If you think your online reputation is about as secure as it needs to be, consider this: Thanks to a bug at Facebook, founder Mark Zuckerberg's personal photos once were accidently made available for public view.
The bug was short-lived, but it helps illustrate that even those with a high degree of technical sophistication are vulnerable to the unplanned release of personal information. Add to that risk the possibility that someone will actually try to damage your reputation, or that information you'd rather keep private — say, an unfavorable review — will pop up prominently in Google search results.
There are ways to lessen the risk. Entrepreneurs have sprung up to help people manage their online reputations for a fee, but there are steps that anyone can take for little or no money. We talk to a reputation expert about what to do, as well as other questions that address our lives online.
LEARN MORE ABOUT ONLINE REPUTATIONS:
• 6 Steps To Managing Your Online Reputation
But there is plenty we can do ourselves without the help of outsiders. I talked to author Stradtman and to the heads of Reputation Changer, Big Blue Robot, Metal Rabbit Media and BrandYourself and pooled their wisdom to create the list below. What the advice comes down to: Create your own content and optimized profiles, to push offending content down to that proverbial third page in Google search results. (Susan Adams, Forbes)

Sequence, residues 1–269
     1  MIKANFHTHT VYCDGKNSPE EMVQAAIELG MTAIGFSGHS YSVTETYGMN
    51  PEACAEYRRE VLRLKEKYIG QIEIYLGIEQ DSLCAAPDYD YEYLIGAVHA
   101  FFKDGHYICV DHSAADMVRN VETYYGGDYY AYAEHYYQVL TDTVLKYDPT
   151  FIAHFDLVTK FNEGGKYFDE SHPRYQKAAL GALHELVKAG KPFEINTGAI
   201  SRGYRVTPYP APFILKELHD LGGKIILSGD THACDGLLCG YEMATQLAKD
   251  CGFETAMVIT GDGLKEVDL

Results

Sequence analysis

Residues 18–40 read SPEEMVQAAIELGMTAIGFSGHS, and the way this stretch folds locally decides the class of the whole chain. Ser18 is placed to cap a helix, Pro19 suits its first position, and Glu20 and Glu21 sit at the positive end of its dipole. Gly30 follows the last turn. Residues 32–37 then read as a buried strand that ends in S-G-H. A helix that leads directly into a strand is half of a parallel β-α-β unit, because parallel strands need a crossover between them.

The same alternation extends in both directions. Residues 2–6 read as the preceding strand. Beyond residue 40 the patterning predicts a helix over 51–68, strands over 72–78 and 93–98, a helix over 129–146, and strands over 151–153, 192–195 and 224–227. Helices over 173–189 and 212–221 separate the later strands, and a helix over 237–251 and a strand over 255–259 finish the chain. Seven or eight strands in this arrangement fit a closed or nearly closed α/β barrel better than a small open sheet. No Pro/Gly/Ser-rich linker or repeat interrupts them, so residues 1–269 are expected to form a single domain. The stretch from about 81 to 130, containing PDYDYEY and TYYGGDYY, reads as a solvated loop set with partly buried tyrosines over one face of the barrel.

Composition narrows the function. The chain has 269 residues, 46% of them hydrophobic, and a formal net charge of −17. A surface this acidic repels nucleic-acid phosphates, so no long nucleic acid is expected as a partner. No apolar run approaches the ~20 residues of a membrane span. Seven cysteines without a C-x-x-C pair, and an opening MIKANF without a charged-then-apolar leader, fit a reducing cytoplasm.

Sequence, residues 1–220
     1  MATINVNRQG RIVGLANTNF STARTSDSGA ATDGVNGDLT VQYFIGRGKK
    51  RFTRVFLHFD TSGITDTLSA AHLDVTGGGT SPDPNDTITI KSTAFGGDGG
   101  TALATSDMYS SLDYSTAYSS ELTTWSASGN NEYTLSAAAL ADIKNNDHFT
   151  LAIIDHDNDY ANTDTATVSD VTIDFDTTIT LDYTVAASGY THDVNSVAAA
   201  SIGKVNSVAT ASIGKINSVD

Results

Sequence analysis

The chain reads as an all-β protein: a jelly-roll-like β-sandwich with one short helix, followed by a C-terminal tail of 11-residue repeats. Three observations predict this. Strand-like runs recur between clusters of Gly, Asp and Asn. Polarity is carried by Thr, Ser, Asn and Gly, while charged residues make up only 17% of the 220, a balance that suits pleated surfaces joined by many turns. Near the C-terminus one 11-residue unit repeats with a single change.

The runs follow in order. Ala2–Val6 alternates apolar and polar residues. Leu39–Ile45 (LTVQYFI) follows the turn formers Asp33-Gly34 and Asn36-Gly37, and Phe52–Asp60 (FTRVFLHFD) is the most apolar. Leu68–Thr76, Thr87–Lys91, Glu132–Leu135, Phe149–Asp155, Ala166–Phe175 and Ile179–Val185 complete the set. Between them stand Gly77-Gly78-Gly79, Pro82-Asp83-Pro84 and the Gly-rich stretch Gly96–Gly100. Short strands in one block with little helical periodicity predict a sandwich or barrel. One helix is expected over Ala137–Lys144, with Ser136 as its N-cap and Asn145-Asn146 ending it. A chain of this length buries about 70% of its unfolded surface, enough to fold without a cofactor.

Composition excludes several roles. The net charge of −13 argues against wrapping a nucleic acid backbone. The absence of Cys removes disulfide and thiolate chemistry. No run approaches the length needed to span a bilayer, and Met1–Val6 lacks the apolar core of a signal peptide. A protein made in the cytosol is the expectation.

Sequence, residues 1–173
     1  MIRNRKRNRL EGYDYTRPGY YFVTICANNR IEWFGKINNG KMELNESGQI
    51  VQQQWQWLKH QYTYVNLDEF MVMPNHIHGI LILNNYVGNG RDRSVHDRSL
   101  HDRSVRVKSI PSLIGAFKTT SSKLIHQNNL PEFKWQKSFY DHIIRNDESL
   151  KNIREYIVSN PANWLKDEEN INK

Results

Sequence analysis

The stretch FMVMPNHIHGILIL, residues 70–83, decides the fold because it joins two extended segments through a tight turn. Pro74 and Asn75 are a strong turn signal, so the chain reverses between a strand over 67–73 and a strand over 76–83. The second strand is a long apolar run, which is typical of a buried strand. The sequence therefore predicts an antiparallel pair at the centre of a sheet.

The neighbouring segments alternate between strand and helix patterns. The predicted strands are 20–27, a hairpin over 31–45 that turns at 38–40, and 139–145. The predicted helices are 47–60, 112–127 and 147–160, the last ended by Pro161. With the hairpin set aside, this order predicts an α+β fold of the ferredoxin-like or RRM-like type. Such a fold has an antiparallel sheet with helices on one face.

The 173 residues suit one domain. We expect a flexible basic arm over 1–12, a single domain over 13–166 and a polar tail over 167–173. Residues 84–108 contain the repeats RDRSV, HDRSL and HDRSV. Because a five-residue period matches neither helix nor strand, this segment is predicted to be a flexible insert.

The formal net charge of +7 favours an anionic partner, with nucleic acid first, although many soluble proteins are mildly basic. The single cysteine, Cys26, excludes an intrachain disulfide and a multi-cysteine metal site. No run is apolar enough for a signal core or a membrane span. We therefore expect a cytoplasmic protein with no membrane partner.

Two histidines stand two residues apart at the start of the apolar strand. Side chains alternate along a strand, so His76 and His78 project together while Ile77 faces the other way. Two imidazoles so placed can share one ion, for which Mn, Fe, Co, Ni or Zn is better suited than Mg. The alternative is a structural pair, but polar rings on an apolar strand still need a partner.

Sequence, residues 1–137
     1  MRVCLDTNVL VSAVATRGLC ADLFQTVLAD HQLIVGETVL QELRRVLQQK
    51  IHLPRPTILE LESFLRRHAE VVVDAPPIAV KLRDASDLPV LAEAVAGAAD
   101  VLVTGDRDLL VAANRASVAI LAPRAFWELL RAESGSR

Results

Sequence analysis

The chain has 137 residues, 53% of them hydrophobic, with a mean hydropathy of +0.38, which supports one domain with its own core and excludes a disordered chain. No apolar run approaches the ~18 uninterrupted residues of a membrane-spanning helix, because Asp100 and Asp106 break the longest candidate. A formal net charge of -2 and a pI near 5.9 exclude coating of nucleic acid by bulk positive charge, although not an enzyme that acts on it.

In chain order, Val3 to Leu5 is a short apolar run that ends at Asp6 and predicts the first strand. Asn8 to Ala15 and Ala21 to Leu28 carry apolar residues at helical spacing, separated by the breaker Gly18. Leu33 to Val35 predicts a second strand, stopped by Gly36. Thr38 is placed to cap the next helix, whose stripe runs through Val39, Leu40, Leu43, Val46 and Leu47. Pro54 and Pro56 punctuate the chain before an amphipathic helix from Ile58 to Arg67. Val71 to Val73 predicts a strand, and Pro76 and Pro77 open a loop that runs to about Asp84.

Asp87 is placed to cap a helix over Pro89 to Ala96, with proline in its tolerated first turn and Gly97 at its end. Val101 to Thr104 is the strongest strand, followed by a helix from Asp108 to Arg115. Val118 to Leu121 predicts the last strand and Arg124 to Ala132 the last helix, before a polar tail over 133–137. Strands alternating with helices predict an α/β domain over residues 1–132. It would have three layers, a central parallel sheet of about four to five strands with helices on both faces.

• How to Commit Internet Suicide and Disappear from the Web Forever
Sick of horribly embarrassing things showing up when potential employers Google your name? Tired of everyone knowing you live in a garden level dungeon apartment? Perhaps you just don't like the fact the internet makes you easy to find. Thankfully, it's not that hard to delete yourself entirely. Here's how to do it. For mildly famous (or infamous) individuals, disappearing is essentially impossible, but for the average person it's surprisingly easy. It just depends on much info is already out there. (Lifehacker)
• The Information Welfare State
Here is a more elegant solution: We need a mandatory insurance scheme for online disasters. For what is an accidental disclosure of information if not an online disaster — a ferocious man-made information tsunami that can destroy one's reputation the way a real tsunami can destroy one's home? Thus, if Facebook fails to delete a photo that you asked it to delete years ago or if Google accidentally releases your entire address book — and, most importantly, if you can show that this has caused you some verifiable harm (e.g., a crazy ex-boyfriend started cyber-stalking you as a result) — you should be entitled to monetary compensation. (Future Tense/Slate)